Wednesday, May 1, 2013

Polar Vortex Collapses For Summer

Observed zonal winds on left
Hour 240 forecasted zonal winds on right
The polar vortex, the entity that ignited massive discussion earlier this winter, will be commencing its final collapse to enter its summer stage, and likely bringing an end to the unusually chilly spring in the long range.

Shown above is a combined image of observed zonal winds as of yesterday morning throughout the stratosphere (millibar levels shown on the left-hand side of the image), while the right image depicts zonal winds 10 days from now. Positive zonal wind values indicate the presence of a storm system (in this case, the polar vortex), while negative zonal wind values tell of an anticyclone (high pressure system) in the vicinity. The observed image of zonal wind values tells me that the polar vortex is weakly present from the 3 millibar level through the rest of the stratosphere. We see how the positive zonal wind anomalies extend well beyond the 100 millibar level that defines the border between the stratosphere and the troposphere. The forecast image shows that the positive zonal wind anomalies have been eradicated from the stratosphere, and it is this eradication that indicates the polar vortex has collapsed and entered its summer stage. When the polar vortex collapses in spring, high pressure takes over the stratosphere, ending the risk for sudden stratospheric warming events. In the fall, this high pressure system breaks down again and the polar vortex returns to re-ignite the risk of collapse in the winter, like we very nearly saw this past winter.

When the polar vortex takes its summer leave, we can anticipate the unusually chilly spring to end. The stratosphere was bubbling with anomalously warm areas of air in the upper stratosphere, meaning that the stratosphere was still in its winter stage. Because the stratosphere was in its winter stage, the lower atmosphere, including the troposphere was most likely still in a rather wintry stage. Because the stratosphere is getting into its summery phase, we can expect the surface weather to calm down as well.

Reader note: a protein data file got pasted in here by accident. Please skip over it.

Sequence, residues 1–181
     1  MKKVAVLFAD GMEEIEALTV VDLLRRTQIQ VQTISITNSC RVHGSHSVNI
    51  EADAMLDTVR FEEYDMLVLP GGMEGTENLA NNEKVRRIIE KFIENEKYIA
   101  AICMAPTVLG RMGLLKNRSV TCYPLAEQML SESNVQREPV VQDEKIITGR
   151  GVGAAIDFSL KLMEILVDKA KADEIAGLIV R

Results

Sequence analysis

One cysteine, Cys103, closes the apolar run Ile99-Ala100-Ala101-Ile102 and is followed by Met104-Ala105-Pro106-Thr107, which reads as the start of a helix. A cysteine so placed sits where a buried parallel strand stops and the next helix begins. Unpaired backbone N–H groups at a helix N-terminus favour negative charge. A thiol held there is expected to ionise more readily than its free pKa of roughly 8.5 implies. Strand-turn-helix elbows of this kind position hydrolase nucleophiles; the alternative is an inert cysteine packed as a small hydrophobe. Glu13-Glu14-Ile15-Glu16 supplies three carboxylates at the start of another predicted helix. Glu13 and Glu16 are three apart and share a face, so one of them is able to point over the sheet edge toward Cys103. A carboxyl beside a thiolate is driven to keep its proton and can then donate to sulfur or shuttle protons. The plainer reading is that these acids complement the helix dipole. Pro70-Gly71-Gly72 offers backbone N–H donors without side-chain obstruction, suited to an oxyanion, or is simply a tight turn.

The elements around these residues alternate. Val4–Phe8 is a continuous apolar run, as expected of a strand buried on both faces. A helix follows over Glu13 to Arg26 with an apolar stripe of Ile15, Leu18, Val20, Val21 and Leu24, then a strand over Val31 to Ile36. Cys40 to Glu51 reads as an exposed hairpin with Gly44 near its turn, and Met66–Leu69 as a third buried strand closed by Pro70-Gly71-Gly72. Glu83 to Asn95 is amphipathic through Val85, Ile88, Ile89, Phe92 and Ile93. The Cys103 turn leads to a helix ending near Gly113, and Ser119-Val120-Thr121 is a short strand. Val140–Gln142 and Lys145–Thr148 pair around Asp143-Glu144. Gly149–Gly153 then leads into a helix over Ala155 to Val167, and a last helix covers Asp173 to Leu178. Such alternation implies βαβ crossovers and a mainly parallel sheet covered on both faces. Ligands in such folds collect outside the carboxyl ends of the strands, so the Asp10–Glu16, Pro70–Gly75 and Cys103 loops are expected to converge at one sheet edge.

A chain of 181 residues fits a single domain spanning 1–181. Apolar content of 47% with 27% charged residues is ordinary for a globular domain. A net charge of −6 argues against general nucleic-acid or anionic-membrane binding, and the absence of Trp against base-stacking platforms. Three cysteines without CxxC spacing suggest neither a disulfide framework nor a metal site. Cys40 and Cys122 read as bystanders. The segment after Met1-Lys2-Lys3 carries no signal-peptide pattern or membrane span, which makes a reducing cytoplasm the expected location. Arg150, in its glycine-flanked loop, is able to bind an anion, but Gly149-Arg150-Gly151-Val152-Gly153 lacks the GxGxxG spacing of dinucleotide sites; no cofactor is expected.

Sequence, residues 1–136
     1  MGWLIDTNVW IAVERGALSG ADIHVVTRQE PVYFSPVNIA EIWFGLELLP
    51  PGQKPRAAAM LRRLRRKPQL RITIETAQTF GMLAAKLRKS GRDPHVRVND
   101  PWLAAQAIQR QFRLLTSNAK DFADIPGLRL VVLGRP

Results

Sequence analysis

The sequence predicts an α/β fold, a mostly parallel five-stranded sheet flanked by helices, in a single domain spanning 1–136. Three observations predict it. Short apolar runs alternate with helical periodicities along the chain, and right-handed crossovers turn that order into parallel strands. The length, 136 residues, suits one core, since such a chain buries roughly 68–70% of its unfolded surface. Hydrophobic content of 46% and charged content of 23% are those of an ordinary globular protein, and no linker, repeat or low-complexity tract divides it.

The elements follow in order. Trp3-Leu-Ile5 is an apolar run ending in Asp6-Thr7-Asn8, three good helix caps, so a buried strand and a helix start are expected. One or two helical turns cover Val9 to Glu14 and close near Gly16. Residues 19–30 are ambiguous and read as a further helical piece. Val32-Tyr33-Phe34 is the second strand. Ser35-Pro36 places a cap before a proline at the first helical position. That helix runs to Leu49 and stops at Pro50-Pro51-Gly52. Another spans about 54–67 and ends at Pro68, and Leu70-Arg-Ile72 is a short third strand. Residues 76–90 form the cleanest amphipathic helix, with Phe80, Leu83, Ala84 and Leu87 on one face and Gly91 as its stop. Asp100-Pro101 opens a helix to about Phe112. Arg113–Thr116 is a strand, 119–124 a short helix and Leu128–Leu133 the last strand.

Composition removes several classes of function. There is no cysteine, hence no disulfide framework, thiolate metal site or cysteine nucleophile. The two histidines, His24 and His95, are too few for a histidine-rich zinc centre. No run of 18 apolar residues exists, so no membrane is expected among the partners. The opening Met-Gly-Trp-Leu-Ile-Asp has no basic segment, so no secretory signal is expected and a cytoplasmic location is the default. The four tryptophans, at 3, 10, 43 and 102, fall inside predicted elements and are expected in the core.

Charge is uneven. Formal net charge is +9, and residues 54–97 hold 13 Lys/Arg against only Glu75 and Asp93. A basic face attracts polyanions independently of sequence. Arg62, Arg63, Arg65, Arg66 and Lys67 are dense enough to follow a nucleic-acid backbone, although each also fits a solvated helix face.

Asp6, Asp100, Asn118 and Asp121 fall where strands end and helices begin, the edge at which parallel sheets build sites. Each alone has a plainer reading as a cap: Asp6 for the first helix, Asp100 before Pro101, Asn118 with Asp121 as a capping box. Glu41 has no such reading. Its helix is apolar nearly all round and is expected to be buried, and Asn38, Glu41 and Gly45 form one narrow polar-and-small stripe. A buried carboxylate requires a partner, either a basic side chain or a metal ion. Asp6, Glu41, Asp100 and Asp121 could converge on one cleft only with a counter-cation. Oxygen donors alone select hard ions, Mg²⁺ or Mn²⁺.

Anonymous said...

Thank God! I thought this cold stuff would never end! Good riddens to it I will add! Time for sun & bbq’s! Oh, & beaches & boats!
Thank you so much Andrew for all you do! I & others appreciate you a great deal!
Happy Summer everyone!

Anonymous said...

Andrew, you hit the nail on the head there, I just noticed as I was enjoying the beautiful scenery beginning to emerge from the melting snows (about 10 inches of it managed to accumulate without melting) that the biggest sign that the severe cold is over was finally showing, that was that the trees are finally budding and some of them are even beginning to show their leaves, spring is finally arriving in Colorado, it's prettier than I have seen in years, meadows are filling with grass that in many places is already 6 inches tall, and flowers and tiny ferns are starting to poke through the soaked topsoils, small springs are getting bigger and bigger as runoff from our own snowmelt is recharging water supplies, and there shines a ray of hope after such a long duration of despair, and it is only a matter of time before our neighboring towns and lower elevations to the south and east of us finally begin to realize the same shining hope as us, let's just hope that the moisture will keep coming, and will also begin to favor those southeastern neighbors soon, because they desperately need it.

Anonymous said...

I don't know if noticed this, but I was checking the temperature anomalies for the stratosphere at 10 hPa and it looked like the bloom of warmth over the north Atlantic finally burst northward into the Arctic at the end of April. I had been assuming now for the past two weeks that he AO would trend back up to slightly positive after a dip into slightly negative (which we observed at the end of April). However, this sudden stratospheric warming leads me to believe the AO could crash to around -2 or so again. What are your thoughts? I know the stratosphere temp profile would naturally warm this time of year, but this has happened very suddenly, and there's still some very cold air over Canada that may want to creep south.